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Protecting our precious places

Dryland biodiversity – overcoming an image problem

An update from the Landcare Research Sustaining and restoring biodiversity programme funded by the Foundation for Research, Science and Technology.

Dryland ecosystems contain some of the least protected and most threatened native ecosystems and species.  They contain 50% of New Zealand’s most threatened plant species, yet only 2% of dryland is legally protected.

Grant Norbury and Susan Walker, of Landcare Research, say low public awareness and appreciation are significant barriers to achieving dryland conservation.

'Almost all woody dryland vegetation types have an image problem,"'Grant says. 'They're often described as 'grey shrublands' or 'scrub' - not exactly inspiring! People perceive them as being of low ecological and conservation value and are less likely to protect them than, say, forest or wetlands.'

New Zealand drylands map

Consequently, many dryland ecosystems are depleted, fragmented and at risk from further damage.

Map (Rogers et al 2005): New Zealand's drylands occur in the rain shadow area east of the mountains that run from East Cape to Fiordland and cover approximately 19% of New Zealand's land area. The climate is semiarid, with a median annual rainfall of 981mm, and frequent drought conditions.

Grant and Susan have been looking at the ways a number of agencies with biodiversity responsibilities and interests have approached the issue, including district and regional councils, Department of Conservation, QEII National Trust, Landcare Trust, private consultants and non-government organisations.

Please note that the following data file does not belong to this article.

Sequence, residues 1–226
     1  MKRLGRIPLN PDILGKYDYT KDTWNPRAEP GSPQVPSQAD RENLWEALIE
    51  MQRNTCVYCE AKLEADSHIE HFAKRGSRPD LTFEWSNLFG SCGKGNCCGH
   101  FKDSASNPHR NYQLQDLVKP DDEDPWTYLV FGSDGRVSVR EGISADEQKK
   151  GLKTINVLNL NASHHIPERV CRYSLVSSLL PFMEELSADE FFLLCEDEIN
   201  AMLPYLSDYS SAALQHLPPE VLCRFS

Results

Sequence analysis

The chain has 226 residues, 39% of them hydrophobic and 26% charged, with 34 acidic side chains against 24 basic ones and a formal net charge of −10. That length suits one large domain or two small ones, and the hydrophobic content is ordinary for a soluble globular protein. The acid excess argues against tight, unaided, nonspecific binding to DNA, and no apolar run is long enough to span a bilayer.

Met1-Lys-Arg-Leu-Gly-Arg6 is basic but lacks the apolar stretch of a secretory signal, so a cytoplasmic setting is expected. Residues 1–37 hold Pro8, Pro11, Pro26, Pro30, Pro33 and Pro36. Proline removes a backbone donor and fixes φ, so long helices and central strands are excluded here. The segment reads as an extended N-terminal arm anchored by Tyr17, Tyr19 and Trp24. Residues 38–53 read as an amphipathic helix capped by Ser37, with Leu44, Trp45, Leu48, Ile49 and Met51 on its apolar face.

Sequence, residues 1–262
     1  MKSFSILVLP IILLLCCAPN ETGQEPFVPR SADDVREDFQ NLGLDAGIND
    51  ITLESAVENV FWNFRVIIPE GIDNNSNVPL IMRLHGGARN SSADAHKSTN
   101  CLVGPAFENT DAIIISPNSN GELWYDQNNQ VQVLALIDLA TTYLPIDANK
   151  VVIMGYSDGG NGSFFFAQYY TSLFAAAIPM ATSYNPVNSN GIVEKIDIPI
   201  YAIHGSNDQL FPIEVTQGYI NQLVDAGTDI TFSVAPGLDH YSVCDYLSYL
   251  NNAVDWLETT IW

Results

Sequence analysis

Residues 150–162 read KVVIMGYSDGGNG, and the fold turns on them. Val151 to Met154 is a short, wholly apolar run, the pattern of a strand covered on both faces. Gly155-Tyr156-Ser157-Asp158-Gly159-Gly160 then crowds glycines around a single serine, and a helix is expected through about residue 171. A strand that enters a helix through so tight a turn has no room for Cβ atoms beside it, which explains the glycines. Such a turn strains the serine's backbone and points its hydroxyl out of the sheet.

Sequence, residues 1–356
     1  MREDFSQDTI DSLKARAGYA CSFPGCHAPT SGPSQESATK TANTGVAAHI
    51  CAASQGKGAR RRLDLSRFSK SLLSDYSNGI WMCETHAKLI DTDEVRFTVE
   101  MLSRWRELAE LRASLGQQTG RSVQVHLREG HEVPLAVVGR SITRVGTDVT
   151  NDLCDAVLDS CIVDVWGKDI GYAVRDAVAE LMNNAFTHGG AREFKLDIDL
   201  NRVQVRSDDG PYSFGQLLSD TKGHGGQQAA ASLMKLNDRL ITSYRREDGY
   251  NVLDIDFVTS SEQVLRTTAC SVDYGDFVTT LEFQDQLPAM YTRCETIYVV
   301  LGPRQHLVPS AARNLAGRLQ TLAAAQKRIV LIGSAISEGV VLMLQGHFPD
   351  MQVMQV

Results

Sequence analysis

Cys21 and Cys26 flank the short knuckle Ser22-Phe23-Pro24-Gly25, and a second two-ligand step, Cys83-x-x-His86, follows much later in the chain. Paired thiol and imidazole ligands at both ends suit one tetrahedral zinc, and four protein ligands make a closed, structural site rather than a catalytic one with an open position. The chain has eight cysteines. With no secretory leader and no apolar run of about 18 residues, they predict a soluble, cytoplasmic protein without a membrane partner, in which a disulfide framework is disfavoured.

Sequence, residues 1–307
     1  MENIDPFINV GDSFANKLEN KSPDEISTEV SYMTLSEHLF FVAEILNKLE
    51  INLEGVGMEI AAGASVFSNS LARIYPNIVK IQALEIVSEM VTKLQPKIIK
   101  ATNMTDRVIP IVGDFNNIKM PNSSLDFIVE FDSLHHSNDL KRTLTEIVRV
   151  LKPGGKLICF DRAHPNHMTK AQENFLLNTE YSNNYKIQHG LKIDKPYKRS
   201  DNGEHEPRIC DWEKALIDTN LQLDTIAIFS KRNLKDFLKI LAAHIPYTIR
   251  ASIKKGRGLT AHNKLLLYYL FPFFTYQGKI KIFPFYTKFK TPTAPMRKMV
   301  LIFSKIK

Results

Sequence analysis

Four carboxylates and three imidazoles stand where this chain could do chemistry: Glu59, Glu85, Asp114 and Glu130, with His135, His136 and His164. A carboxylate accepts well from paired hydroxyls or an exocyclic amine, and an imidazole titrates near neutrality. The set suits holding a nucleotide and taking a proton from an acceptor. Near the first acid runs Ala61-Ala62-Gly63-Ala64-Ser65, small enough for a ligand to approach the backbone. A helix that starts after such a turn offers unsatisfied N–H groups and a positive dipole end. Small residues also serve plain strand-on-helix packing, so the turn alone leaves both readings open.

They found a range of responses from little or no activity, to very successful and dynamic biodiversity programmes.

Grant says some agencies are really struggling with the issue in their areas and local authorities face a particular challenge in finding a balance between enforcing often controversial district plan regulations and engendering trust with landholders to adopt voluntary measures.

'It appears that the most successful approaches are those that are one-on-one with willing landholders, and low key,' Grant says.

'There are good examples of communities and landholders who are actively involved in a range of different ways.'

Community action in Central Otago

One example is the community-based Central Otago Ecological Trust, set up in 2005 to restore threatened dryland lizard communities and their habitats in the area.

Grant, who is also chairperson of the Trust, says there is a lot of local community interest in conservation but little opportunity to act.

'People want to help, especially when they hear that a local creature like the Otago skink is critically endangered.

'Our aim is to help people get actively involved and, in so doing, better understand the dryland environments here.

The Trust plans to establish the Mokomoko Dryland Sanctuary at a site near Alexandra, as well as a lizard breeding, education and plant propagation centre, linked in with local ecotourism ventures.

The long-term objective is to reintroduce the Otago skink to the Alexandra basin, where it hasn't been seen since the 1970s, as well as improving the survival stakes for other local lizards.

Photo below: Grant Norbury showing the proposed site of the Mokomoko Dryland Sanctuary to local people. Photo: Karina Holmes

Mokomoko Dryland Sanctuary

Find out more about dryland covenants ....

Open SpaceTM Magazine No. 69, April 2007 © QEII National Trust

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